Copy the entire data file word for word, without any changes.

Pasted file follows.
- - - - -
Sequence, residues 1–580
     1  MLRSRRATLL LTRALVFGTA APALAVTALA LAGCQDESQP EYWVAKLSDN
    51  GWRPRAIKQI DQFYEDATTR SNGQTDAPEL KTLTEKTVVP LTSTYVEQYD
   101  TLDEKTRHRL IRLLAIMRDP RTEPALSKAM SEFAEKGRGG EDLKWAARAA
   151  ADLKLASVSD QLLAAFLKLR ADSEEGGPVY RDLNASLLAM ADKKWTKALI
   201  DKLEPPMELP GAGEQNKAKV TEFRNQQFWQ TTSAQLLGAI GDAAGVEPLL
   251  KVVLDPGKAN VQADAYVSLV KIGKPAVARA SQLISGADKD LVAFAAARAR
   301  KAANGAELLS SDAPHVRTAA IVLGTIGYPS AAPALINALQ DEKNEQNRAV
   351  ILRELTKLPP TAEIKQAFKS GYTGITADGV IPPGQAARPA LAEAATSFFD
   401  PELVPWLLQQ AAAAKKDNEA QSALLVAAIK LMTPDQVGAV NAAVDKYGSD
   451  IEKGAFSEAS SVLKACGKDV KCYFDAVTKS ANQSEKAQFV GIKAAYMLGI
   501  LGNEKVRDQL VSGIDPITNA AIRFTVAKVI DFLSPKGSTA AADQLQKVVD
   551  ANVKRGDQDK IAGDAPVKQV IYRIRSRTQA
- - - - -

Sequence, residues 1–580
     1  MLRSRRATLL LTRALVFGTA APALAVTALA LAGCQDESQP EYWVAKLSDN
    51  GWRPRAIKQI DQFYEDATTR SNGQTDAPEL KTLTEKTVVP LTSTYVEQYD
   101  TLDEKTRHRL IRLLAIMRDP RTEPALSKAM SEFAEKGRGG EDLKWAARAA
   151  ADLKLASVSD QLLAAFLKLR ADSEEGGPVY RDLNASLLAM ADKKWTKALI
   201  DKLEPPMELP GAGEQNKAKV TEFRNQQFWQ TTSAQLLGAI GDAAGVEPLL
   251  KVVLDPGKAN VQADAYVSLV KIGKPAVARA SQLISGADKD LVAFAAARAR
   301  KAANGAELLS SDAPHVRTAA IVLGTIGYPS AAPALINALQ DEKNEQNRAV
   351  ILRELTKLPP TAEIKQAFKS GYTGITADGV IPPGQAARPA LAEAATSFFD
   401  PELVPWLLQQ AAAAKKDNEA QSALLVAAIK LMTPDQVGAV NAAVDKYGSD
   451  IEKGAFSEAS SVLKACGKDV KCYFDAVTKS ANQSEKAQFV GIKAAYMLGI
   501  LGNEKVRDQL VSGIDPITNA AIRFTVAKVI DFLSPKGSTA AADQLQKVVD
   551  ANVKRGDQDK IAGDAPVKQV IYRIRSRTQA